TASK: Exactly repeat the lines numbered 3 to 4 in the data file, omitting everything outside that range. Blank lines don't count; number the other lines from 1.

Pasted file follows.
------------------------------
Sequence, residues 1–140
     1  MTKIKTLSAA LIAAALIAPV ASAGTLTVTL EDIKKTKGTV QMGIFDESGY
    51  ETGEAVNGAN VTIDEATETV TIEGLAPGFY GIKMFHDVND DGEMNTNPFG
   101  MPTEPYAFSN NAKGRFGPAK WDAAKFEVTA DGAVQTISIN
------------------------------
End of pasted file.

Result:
    51  ETGEAVNGAN VTIDEATETV TIEGLAPGFY GIKMFHDVND DGEMNTNPFG
   101  MPTEPYAFSN NAKGRFGPAK WDAAKFEVTA DGAVQTISIN